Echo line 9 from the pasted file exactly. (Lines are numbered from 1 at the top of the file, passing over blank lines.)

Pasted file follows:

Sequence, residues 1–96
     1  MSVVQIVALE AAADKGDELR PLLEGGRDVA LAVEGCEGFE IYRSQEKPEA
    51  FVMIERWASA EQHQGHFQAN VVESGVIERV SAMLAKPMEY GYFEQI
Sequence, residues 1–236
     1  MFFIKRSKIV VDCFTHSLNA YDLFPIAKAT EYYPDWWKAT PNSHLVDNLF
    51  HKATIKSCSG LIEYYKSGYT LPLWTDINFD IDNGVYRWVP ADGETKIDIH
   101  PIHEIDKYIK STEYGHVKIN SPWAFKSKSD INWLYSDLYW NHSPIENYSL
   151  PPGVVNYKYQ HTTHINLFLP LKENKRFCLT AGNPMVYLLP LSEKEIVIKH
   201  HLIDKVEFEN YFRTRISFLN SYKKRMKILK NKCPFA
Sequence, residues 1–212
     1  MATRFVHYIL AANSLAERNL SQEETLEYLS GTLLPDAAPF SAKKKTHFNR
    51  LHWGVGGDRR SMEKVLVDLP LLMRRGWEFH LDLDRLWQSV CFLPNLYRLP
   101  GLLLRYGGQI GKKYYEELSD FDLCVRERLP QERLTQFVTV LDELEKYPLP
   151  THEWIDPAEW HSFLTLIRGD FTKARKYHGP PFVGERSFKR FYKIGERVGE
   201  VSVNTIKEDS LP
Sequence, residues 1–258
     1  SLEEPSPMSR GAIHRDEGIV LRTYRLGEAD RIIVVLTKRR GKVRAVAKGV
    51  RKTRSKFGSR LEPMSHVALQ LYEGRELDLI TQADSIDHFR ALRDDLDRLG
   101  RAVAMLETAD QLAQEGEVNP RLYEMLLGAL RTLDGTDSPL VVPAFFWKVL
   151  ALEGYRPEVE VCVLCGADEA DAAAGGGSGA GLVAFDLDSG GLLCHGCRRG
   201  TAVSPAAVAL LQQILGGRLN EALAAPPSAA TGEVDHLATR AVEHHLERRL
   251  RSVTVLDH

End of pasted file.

   201  HLIDKVEFEN YFRTRISFLN SYKKRMKILK NKCPFA